Since 1983, thirty of the thirty-eight California tribes that were terminated under the policy have been restored to federal recognition through litigation and legislation. In 2000, following a lengthy process, the Tribe became the most recent of these tribes to have its federally recognized status restored through enactment of the Graton Rancheria Restoration Act (“Restoration Act”).Interesting lessons in current federal bureaucracy.*
Following the talks, we ate box lunches of broiled salmon with blackberry ketchup, grains of the Americas (red, white and black quinoa, amaranth, and wild rice), citrus seaweed salad tossed with field greens with agave nectar vinagrette, acorn brownies, and mint tea sweetened with maple syrup, prepared by Chef John Farais of Indigenous Edibles .
After lunch we went to Kule Loklo (bear valley), a native village on the grounds of the Bear Valley Visitor Center, Point Reyes National Park, where we watched Native dancers. We also wandered the village, entering the roundhouse, kotchas (family dwellings), and other structures, and viewing Native crafts and jewelry. Others, mostly children, drilled shells to make beads (like those used to decorate baskets), flaked flint arrowheads, and spun bull-roarers.
Even though it was a very hot, sunny day, the dancers performed around a small fire pit. Several of the dancers were related -- father, son, grandson, nieces, cousins -- as well as being from different local tribes and blends of different tribes. Accompanied by two drummers and a singer, the dancers did group dances, dances for women and girls, dances for men and boys. The men's costumes consisted of feather skirts that they sometimes flounced up in the rear. Of course, these dancers, performing as it were before a mixed general audience, wore shorts, jeans, sometimes T-shirts, under their costumes, when I'm sure that originally these dances were performed wearing only the feather and leather costumes, with no Western clothing underneath. (The Coast Miwok who greeted Drake wore no clothes most of the year because our weather here is temperate.)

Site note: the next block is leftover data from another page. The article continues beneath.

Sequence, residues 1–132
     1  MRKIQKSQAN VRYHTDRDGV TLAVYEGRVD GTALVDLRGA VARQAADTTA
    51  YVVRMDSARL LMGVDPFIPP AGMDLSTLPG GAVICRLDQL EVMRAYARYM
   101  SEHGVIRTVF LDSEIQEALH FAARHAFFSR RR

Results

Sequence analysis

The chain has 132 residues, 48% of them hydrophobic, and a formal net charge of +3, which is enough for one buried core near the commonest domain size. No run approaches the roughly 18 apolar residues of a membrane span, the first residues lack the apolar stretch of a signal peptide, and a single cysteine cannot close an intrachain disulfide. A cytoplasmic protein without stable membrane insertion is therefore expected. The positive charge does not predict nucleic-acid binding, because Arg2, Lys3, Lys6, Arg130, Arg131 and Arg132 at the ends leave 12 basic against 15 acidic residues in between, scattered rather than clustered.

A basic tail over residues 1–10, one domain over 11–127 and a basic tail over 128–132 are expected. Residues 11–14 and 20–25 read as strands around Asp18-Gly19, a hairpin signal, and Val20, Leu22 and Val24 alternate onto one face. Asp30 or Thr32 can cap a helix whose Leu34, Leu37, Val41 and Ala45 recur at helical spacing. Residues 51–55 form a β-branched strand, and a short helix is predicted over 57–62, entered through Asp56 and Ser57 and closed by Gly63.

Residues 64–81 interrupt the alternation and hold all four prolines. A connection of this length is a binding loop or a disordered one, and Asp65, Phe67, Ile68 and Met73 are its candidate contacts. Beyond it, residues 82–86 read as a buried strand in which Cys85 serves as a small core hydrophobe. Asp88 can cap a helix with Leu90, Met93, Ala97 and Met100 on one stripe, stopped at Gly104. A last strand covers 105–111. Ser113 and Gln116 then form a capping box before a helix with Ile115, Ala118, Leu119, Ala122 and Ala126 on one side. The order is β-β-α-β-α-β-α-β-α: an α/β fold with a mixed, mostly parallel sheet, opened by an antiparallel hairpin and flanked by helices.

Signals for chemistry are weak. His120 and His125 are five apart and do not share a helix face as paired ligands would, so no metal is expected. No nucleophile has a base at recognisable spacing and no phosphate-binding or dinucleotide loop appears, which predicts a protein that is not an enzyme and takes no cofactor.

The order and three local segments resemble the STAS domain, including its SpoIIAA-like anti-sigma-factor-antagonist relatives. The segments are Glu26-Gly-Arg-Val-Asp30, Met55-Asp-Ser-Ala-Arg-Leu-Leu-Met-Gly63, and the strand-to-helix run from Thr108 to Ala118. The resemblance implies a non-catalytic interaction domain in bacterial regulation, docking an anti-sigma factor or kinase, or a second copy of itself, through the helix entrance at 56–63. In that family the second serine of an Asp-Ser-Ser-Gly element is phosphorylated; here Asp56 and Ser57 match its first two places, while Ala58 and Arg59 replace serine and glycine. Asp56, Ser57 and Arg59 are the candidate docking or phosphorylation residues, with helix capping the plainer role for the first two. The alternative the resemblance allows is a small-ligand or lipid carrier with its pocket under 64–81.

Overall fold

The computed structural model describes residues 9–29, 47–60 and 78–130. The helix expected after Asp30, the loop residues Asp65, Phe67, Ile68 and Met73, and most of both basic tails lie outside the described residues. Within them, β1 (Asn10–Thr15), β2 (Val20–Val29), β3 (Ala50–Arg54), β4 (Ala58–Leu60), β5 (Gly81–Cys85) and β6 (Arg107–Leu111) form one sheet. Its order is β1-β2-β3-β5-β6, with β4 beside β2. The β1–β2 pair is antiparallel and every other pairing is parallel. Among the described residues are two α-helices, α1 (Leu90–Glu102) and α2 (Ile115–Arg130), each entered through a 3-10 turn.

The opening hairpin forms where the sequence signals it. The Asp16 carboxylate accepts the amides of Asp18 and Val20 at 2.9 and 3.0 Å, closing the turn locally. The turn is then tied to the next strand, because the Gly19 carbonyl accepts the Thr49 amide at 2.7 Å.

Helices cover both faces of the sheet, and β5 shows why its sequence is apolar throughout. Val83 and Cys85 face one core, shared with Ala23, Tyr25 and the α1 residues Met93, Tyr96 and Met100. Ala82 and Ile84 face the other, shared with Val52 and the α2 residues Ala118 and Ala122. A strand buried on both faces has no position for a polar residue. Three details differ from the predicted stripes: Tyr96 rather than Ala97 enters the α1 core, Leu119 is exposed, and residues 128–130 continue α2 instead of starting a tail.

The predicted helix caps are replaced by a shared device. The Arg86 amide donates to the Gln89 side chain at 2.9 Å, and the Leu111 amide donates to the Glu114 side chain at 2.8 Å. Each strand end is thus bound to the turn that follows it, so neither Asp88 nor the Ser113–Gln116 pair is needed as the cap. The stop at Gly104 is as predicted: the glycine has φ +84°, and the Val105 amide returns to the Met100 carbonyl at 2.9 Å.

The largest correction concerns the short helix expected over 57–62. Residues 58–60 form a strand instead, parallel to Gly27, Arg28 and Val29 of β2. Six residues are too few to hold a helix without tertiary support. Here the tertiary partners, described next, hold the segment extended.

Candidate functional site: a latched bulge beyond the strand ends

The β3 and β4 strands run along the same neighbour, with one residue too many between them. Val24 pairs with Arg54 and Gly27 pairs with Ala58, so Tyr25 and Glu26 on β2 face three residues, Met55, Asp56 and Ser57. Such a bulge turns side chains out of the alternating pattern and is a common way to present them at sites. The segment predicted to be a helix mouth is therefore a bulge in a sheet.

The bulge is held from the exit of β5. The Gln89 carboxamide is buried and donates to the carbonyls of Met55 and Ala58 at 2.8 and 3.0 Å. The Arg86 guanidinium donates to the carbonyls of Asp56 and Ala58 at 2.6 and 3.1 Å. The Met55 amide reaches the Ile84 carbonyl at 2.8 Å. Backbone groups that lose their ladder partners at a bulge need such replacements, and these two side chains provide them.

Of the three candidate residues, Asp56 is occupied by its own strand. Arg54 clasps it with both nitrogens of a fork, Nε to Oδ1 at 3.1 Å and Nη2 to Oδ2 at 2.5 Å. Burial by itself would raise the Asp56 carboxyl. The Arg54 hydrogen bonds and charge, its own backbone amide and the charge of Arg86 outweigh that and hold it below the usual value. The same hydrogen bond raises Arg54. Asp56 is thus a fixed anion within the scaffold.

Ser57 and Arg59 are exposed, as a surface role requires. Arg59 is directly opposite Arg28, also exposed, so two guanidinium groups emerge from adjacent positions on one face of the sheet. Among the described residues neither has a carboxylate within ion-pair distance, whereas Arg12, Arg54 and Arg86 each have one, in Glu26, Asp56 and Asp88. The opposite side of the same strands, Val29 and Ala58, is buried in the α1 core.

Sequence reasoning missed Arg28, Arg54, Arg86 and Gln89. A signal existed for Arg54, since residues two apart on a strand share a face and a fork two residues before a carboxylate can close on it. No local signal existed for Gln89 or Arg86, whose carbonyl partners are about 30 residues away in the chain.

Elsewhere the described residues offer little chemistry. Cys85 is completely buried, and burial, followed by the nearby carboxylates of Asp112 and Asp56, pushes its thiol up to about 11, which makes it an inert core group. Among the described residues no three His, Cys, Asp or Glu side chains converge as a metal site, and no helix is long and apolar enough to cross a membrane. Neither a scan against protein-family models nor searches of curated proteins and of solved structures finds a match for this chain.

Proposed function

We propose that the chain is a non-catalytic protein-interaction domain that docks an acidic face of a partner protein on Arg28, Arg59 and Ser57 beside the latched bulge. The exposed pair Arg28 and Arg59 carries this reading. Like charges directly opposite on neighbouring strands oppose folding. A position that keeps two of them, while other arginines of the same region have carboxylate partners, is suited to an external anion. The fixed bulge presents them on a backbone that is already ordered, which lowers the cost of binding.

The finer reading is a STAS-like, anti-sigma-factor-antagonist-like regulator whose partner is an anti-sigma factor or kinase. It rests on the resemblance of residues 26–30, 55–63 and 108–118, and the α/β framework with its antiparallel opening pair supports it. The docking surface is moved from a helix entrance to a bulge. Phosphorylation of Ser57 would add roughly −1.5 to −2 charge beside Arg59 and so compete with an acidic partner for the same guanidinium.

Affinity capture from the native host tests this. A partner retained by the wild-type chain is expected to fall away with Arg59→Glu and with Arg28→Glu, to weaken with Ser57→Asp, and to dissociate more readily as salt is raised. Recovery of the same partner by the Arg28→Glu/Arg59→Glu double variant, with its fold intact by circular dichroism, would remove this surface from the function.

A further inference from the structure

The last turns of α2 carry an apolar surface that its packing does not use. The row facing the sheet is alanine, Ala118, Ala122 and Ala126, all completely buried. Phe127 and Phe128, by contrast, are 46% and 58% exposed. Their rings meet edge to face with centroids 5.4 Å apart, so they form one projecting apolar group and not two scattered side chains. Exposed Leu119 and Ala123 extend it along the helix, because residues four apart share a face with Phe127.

I found it interesting that the males dressed in native ritual garb, mostly made of what appeared to be either hawk or turkey feathers -- there are lots of turkeys roaming the hills hereabout -- and shell beads, while the women's clothing, which was also no doubt traditional among these peoples, being made of cotton cloth, showed the clear influence of European fashion -- and modesty.
The men's dancing consisted mostly of a double tap with each foot, sometimes crouching and seeming to imitate animals, and often flouncing the tail feathers. The women, on the other hand, carried pieces of cloth draped between their two hands, and they rocked these cloths up and down from side to side as they danced. At certain points in the singing, all the dancers twirled around. The ribbons streaming from the women's dresses and their long glossy hair lifted spread out beautifully as they spun.
I learned from this experience something of how I imagine my European ancestors might have expressed their Pagan lifestyles: Accepting the gifts of the land, sky and sea; celebrating together; making art; expressing their joy in living. This, to me, is the best contemporary Paganism has to reawaken.
* I spoke with Gene after his talk because I want to invite local spiritual leaders to the upcoming Third Annual People of the Earth gathering at the Interfaith Center of the Presidio.
All photos, except that of the basket, by Aline O'Brien (Macha). Basket photo from the collection of The Bruce Museum, Greenwich, CT.